Gender bending along with a contest

The contest portion of this experiment is over. Please feel free to go through the stories and test your ability to guess the author's gender. There are a total of ten excerpts and stories. If you just want to skip to the big reveal, click here.

The original post:

I want to do an experiment, and I need you, the readers, to be my lab rats.

Now before you protest, you must know that I'll be gentle and there will be cheese.

Last week, a group of us were talking about whether readers make automatic assumptions about the contents of a novel when they see a woman's name on the cover. Part of this has to do with the Guardian article that talked about women taking male pseudonyms in order to trick male readers into reading their novels. The other part has to do with my own experience using my real (read: female) name when publishing Miserere and some of the assumptions that were made about Miserere's themes.

I question whether readers can really tell if a book is written by a man or a woman based on the prose alone.

So I and one other author, who shall remained unnamed until the end of this contest, summoned some of the finest writers in the SFF community, and they have kindly pledged a sample of their work for us. Each author has written a short scene (approximately 500-1000 words) or a short-story and has chosen a pseudonym. There is a mix of men and women. I will post one scene or story a day (omitting weekends and holidays).

THE TASK: Tell us, based on the prose, whether the scene was written by a man or a woman. At the end, I want to tabulate the results and see if readers can really tell the difference. If you want to, you may say why you feel a particular scene was written by a man or woman, but you don't have to.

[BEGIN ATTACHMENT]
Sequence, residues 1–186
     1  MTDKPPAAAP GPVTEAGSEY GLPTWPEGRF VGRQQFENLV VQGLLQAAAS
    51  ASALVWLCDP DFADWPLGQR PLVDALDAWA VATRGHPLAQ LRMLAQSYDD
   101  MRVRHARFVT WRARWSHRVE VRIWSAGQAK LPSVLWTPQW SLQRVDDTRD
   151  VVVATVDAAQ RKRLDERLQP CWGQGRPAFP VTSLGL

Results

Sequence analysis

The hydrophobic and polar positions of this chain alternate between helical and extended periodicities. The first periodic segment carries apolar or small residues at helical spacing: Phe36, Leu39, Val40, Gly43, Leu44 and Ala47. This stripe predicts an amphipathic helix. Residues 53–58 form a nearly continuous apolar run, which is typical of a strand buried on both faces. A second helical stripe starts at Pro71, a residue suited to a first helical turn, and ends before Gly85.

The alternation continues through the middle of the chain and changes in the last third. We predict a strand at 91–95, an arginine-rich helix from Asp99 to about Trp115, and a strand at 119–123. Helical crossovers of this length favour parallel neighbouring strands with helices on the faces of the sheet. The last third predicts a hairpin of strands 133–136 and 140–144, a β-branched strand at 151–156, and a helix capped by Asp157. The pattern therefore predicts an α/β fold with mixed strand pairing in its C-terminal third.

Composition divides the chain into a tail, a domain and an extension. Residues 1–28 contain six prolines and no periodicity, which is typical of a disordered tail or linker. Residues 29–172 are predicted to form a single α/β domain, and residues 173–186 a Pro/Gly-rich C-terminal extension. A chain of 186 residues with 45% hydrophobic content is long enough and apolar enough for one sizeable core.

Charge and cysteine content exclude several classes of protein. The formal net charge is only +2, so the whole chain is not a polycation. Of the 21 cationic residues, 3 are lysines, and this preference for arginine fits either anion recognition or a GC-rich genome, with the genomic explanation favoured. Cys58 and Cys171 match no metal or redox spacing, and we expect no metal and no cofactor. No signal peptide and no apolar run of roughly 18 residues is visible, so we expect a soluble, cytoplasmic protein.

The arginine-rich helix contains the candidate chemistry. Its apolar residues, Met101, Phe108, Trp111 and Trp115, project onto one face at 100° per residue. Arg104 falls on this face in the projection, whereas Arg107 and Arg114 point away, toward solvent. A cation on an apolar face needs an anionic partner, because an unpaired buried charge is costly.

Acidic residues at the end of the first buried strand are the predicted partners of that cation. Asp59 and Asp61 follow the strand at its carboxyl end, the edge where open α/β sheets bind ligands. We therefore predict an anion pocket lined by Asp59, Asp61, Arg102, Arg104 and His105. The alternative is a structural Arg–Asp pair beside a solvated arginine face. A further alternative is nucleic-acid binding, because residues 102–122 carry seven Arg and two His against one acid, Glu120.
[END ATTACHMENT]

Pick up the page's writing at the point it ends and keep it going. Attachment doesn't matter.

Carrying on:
Yes, as a scientific study, it is full of holes and sucks, but hey, you gotta start somewhere. This little test is an itch that I've been wanting to scratch for a long time, especially when I read the Fantasy Reddit and I don't see a single woman listed for best novel in 2012. I know women released books in 2012. Perhaps I'm hanging out in all the wrong places.

Or maybe the "female-authors-equal-romance-y/YA-ish-themes" connotation is true in readers' minds, so maybe some of you are skipping novels by women entirely. I wonder. And when I think too much, I tend to get into trouble ... or hold a contest.

THE CHEESE: You have a chance to win free books.

After the last scene or story is posted, I'll draw one grand prize winner. Each author who has participated in this exercise will send the grand prize winner one copy of a novel of their choice (some of the authors have multiple books published, so I've left it to the author to choose). You will have a chance to win a novel from one of these authors: Mary Robinette Kowal, Myke Cole, Mazarkis Williams, Mark Lawrence, Alex Bledsoe, Shiloh Walker, Damien Walters Grintalis, and Diana Rowland. When I announce the grand prize winner, I will hook the pseudonyms up with the real authors' names.

I will throw in a copy of Miserere, so the grand prize winner will be eligible to win at least nine books at this time. 

THE RULES: The contest is open internationally. You may comment once on each sample. All you have to put in your comment is whether you believe the sample was written by a man or a woman.

I will drop the name of each commenter who guesses correctly into an Excel sheet. That means that if you correctly guess that scenes #1, #3, and #6 were written by a man, you've got three entries in the contest.

You've got a 50/50 chance of getting it right.

The cheese will be awesome.

And I will be gentle.

The contest will begin tomorrow (December 20, 2012) with the very first sample. Help me spead the word ... and let's see if we really can tell whether the prose is written by a man or a woman ... or is it all in a name?

Questions? Put them in the comments of this post.